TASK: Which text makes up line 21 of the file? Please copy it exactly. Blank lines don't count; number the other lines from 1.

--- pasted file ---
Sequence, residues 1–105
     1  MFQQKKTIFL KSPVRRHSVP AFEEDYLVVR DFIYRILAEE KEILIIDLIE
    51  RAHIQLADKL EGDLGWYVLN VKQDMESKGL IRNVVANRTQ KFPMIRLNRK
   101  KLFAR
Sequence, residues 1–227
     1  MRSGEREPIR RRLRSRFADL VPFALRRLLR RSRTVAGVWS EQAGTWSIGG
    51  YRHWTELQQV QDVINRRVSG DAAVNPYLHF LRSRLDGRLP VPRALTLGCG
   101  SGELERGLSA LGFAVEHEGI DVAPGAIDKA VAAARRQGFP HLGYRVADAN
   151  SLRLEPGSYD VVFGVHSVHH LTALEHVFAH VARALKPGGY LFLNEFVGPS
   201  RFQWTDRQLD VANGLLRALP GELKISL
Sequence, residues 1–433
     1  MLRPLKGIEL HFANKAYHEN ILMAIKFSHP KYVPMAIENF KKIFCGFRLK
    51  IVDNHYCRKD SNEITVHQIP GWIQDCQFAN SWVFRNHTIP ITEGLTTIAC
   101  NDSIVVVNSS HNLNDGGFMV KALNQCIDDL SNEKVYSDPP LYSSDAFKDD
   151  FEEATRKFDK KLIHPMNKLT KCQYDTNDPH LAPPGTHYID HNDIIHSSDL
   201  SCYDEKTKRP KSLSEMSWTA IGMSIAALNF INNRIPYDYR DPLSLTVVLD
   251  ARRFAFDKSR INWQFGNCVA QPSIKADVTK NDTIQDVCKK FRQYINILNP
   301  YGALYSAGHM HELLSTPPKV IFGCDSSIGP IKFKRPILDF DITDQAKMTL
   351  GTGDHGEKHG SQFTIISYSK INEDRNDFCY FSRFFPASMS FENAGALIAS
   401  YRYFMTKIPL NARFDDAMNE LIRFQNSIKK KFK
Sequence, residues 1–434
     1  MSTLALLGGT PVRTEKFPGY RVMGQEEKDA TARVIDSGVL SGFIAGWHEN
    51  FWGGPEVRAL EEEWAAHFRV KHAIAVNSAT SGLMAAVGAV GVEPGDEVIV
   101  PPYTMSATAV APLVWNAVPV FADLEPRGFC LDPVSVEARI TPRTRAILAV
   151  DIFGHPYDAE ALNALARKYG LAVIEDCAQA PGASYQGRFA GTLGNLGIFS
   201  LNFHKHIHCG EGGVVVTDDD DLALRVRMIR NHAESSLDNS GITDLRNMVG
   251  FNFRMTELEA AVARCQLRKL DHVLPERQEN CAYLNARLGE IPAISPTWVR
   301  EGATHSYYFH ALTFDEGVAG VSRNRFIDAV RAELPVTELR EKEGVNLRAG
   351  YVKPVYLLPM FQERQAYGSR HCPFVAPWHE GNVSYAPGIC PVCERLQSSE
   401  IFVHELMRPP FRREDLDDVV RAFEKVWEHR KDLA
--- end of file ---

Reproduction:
Sequence, residues 1–434